For #cmdevcamp19 our security team decided to host a Jeopardy style Capture The Flag challenge for all the developers. This round of CTF did not run as smoothly as we hoped for and there are a lot of improvements need to be made for the next time.
Problem 1 : Flag is inconsistent, not ready or required last minute changes
The CTF is built to raise awareness about security at Cammpaign Monitor(CM) so for the main challenges, we decided to tweak the internal dev environment - revert some of the fixes and disable some security flags. This will showcase the previous vulnerabilities that our application was exposed to and how the problem was introduced. In one particular challenge, as it turn out, it was not possible to remove the protection unless we redeploy the applicaiton and that is never a good idea right before the CTF.
Due to some inconsistency in our dev build envrionment (as you would expect when people play with things in dev and have different versions of the code running or different server build, etc), a flag ended up to be different everytime you try to exploit the app 🤦♂️.
One of my question required me to change one of my DNS entry, i was so sure i did it before the CTF through terraform+route53 but perhaps i forgot to apply the change and the TTL was 3600 for it :(
So the lesson learn here is to double check. tripple check your flags the day before you go live because your environment or your setup may have changed during the time between you introduced the question to the list and the time CTF takes place.
Problem 2: Devops is hard
In true devops/infra coder style, i decided to run the facebook ctf platform in Fargate so we can scale it as we need. I originally wanted to run it off a vagrant VM in my Macbook pro but decided last minute that i will move it to AWS. After looking around for options, i decided to modify the existing startup script for fbctf to decouple the mysql server component out so i could use an RDS instance for it instead. I left the rest of the startup script untouched and this is where everything went wrong.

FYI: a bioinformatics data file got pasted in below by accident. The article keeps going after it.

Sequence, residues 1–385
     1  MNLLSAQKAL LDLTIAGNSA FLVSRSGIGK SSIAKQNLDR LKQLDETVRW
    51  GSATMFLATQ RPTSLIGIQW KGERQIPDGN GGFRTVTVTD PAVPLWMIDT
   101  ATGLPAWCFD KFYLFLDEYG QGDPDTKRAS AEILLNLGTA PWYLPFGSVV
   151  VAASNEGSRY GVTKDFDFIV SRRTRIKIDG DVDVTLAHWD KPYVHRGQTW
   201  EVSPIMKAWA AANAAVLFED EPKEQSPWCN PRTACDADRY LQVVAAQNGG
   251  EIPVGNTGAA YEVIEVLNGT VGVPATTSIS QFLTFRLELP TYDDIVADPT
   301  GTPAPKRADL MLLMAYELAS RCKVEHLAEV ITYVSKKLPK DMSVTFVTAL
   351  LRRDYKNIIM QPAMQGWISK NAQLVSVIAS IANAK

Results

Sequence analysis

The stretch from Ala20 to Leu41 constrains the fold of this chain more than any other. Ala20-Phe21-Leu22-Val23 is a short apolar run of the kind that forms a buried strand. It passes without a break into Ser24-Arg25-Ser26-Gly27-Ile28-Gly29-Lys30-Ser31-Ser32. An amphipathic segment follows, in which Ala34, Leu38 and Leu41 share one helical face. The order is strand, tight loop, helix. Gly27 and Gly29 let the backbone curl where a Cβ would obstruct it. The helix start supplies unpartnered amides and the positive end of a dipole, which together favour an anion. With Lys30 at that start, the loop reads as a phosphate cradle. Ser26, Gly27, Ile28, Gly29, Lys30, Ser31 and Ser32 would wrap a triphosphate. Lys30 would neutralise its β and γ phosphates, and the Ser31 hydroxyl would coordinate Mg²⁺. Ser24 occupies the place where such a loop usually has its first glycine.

So 4 days before the ctf, i finally got my version of fbctf docker image push to docker hub + a terraform code to do the hard work :
- Create VPC, private & public subnets + internet gateway + security groups
- A Mysql database to store the game progress
- An ALB and target group for the ECS service
- Create a fargate cluster + task definition for fbctf + ecs service to run my version of fbctf
This is where shit hits the fan… I ignored one important piece of components in FBCTF setup - the memcached. ☹️ I started the ecs service with 1 node after hours of work to get everything working and seeing the ALB works, the ACM issued cert, the DB initialised and everything worked, i was delighted and moved on.
In the actual CTF, At first we thought the slow hotel wifi was killing our connection as it did for the last few days staying here, but not only that, i did not provide enough resource to the container and it was struggling 🤦♂️. I decided it is time to scale horizontally and increase the number of containers in ECS service! This will have zero downtime ;) … But since fbctf php app use memcache to store session data and sync up with other nodes instead of having session data in mysql db for example (which makes sense in term of speed and less database IO), we now have memcaches not being in sync and users request end up hitting servers that did not know users already login and kick them out etc… it was a mess
When i finally realised what happened… I resized fargate to 1 instance with twice the CPU and memory but this was still struggling.
In all honesty, i wish i tested this out better and RTFM haha.. but I’m glad that despite all of that, the energy in the room was great, the top team managed to solved all answers except 1 and there were a lot of security discussion afterward (as well as devops questions).
Here is the final map of the ctf look like with most of flags being captured by team dragon ;)
And here is the final score graph. People were really into it and the average score is high.
At the end of the day, this was built for people to learn about security and best practices so we gave as much clues as we can and help teams out when they need.